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Everyone writes songs in their own way. Some start with a melody or a beat, some start with a lyric. Whatever your starting point, you need to get your ideas down quickly, and then polish them into demos worth presenting to partners, producers, and record labels. Pro Tools can help. It's one of the programs professional musicians and songwriters turn to for writing, recording, and mixing songs. In this short course, David Franz takes you from an initial seed-idea to a great sounding demo song, showing you how to find the best tempo, meter, and key; add in vocals, drums, and hooks; and put together a dynamic mix using effects like EQ, compression, and reverb and delay. These 10 simple steps can guide anyone with an idea and a little musical ability through the process of capturing a song idea before the inspiration fades.
Look for more courses in our Songwriting series in 2014! We'll cover Logic, GarageBand, and other popular DAWs.
When you want to put a song idea down quickly, knowing how to make a beat or find a drum loop that fits the song, is important. This movie is a crash course in getting a beat into your song. So, I already got one drum track in here with expand on it. However, I want to add a couple more virtual instruments, and show you some options that we have on Pro Tools. So I'm going to Right Click on this, choose Duplicate. And I'll take out all of this stuff here, all we need is really the sends that we're going to keep on there, so we have reverb and delay if we want it.
And I'm going to choose two duplicates. So now I've got two stereo instrument tracks where we can add other instruments. So down on this one I'm going to add structure free which is a sampler and then on this one I'll add boom, and this is like a virtual drum machine. So we have a number of options, and whatever we choose kind of depends on the style of the music that we're making. Now Boom is an instrument that's good for making Hip Hop, R&B and EDM beats, has a lot of default beats to choose from that are automatically synced to the session tempo.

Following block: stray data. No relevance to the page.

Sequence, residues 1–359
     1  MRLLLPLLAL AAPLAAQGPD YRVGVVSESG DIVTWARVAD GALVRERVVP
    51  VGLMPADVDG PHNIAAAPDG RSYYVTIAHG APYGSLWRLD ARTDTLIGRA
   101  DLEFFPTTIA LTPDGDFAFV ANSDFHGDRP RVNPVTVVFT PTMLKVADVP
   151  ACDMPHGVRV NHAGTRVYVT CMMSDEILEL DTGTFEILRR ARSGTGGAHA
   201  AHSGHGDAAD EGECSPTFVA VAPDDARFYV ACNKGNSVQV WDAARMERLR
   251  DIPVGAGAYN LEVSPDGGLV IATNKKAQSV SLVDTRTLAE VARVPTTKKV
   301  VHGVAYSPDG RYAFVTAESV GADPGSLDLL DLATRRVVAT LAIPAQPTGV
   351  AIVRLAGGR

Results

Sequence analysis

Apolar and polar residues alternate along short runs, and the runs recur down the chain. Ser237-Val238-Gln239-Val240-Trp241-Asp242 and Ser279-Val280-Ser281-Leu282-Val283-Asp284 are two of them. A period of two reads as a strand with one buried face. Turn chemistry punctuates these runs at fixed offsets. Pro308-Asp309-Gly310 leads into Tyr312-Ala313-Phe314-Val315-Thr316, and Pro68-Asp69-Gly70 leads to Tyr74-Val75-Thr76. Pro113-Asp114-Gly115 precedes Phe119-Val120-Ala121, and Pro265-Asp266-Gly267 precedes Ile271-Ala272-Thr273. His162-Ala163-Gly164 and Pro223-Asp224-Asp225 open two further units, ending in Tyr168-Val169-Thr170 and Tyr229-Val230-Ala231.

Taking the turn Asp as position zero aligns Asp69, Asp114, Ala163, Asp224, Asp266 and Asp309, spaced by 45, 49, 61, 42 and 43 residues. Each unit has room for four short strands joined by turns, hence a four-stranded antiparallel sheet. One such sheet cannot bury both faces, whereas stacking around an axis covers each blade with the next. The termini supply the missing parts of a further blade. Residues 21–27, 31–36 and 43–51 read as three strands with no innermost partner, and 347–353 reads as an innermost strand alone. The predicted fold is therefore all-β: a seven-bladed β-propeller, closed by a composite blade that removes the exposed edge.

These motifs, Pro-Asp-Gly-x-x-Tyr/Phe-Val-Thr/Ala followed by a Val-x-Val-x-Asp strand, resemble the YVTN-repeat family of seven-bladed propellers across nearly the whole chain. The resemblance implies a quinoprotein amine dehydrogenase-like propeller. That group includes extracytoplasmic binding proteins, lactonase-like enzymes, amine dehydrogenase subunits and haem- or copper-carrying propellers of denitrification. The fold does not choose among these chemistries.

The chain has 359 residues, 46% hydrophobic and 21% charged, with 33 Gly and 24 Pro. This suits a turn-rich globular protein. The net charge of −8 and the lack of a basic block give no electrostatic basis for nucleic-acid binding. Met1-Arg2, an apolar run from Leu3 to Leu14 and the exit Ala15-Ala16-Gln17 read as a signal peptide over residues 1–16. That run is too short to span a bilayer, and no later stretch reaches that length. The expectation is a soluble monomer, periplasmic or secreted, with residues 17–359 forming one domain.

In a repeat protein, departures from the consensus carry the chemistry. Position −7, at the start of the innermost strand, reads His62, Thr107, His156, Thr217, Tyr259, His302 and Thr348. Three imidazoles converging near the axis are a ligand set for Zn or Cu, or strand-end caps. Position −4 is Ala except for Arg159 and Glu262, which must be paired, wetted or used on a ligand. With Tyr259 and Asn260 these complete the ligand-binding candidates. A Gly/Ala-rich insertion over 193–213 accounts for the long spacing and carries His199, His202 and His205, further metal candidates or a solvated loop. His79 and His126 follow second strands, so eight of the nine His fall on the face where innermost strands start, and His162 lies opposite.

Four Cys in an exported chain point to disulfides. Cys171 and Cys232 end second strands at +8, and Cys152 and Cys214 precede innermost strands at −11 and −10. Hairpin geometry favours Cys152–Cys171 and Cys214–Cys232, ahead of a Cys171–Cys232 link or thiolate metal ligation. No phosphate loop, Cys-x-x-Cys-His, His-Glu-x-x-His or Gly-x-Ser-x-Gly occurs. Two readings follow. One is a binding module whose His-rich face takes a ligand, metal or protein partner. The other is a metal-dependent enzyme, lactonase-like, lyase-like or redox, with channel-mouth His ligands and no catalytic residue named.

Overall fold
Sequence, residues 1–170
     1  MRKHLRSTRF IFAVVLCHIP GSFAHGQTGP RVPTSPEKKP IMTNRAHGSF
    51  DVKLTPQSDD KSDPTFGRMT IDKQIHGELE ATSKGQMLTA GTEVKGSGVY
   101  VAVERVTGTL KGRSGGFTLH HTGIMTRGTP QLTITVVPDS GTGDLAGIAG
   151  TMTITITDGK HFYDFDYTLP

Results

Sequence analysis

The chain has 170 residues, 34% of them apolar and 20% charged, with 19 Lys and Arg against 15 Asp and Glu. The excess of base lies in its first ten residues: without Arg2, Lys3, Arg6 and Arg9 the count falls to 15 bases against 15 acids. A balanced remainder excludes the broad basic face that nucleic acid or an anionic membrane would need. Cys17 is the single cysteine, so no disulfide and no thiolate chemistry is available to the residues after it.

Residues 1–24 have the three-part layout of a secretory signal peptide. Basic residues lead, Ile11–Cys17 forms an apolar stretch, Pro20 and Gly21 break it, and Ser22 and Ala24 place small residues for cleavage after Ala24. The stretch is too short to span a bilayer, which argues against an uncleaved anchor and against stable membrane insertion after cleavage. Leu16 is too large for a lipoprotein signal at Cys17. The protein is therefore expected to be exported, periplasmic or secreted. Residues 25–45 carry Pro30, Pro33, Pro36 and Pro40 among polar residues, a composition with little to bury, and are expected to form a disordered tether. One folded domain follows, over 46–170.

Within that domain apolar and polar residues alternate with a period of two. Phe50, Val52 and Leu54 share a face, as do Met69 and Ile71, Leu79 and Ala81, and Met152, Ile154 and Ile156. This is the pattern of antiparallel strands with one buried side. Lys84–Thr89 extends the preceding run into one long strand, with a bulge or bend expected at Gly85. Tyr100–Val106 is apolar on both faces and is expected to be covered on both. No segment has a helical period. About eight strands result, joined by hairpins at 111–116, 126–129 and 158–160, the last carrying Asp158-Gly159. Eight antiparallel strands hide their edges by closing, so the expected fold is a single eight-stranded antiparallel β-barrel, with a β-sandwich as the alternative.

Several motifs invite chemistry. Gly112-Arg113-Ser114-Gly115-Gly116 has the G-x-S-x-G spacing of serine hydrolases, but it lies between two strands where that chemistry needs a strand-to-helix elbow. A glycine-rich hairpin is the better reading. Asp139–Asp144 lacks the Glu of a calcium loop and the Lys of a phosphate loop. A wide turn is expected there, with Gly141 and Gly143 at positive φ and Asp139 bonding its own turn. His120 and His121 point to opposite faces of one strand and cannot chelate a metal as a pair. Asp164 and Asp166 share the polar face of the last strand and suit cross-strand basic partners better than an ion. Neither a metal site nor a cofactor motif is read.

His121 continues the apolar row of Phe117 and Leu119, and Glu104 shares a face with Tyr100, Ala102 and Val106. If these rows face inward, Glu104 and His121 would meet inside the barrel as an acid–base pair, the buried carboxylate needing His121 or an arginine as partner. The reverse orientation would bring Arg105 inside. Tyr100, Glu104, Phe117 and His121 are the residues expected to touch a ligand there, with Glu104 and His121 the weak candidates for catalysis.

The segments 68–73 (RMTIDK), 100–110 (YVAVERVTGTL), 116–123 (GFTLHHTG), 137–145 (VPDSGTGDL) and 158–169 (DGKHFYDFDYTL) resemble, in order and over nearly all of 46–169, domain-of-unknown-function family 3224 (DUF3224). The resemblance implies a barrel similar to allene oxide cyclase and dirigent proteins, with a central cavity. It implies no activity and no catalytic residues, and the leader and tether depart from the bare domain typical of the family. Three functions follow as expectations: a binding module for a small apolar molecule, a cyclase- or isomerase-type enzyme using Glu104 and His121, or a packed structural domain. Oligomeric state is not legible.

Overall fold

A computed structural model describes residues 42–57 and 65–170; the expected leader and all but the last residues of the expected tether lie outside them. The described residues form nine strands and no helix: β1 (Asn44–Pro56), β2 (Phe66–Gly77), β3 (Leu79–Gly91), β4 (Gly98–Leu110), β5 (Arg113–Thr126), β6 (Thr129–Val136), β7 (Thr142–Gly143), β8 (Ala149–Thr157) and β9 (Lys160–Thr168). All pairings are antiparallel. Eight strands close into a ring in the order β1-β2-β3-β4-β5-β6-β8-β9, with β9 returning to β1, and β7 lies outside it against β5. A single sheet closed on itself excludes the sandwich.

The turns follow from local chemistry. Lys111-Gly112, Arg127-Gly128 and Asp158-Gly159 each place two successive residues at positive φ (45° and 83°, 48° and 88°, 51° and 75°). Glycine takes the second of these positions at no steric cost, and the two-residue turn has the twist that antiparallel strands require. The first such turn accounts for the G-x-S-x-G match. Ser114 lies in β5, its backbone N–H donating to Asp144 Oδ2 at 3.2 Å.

So if I go down here to the start button and play the speed you'll hear it synced to 100 BPM, which is the BPM of our session. Now clearly to me, that is not kind of beat we want for this kind of a pop song. But, if this was the right thing you could come up here, and into the matrix and add some notes. Can get rid of notes by clicking on them, and change up the beat completely or choose obviously from presets that are up here. However, I am pretty sure I don't want to use boom for this beat. So let's check out structure.
Now structure free is a sampler and it has a small library for built-in loops as well as drum samples. For example, we have structure free. Studio Drums, load that up and we've got some drum sounds down here. Now these sounds usually come out pretty quiet when we're playing on the keyboard so I'm actually jack up this track. And Record Enable and we'll here a kick, a snare and some high hat. So now if I start recording the click will play, and I can play a beat in using my keyboard controller playing these notes.
When you're playing your own beat in, you may want to go up to event, event operations, and info quantize so that all of your beats that you play in will go to the grid. This will make it sound better automatically. So just click this little button here, Enable and put Quantize, and we'll keep the grid at one sixteenth note. Close that, and we'll close this. Now let's record this beat.
>> Okay. So, we've got our little drum beat in there. Let's take a quick listen. Well, got a little mess-up there, because the quantization did something funky. So, let's fix it real quick while we're at it. We'll change the track view to notes and make this ia little bigger, scroll down, and I already see the culprit so I'm going to grab the grabber tool, slide this over,. Slide this high hat over, and this high hat needs to move, as do these notes.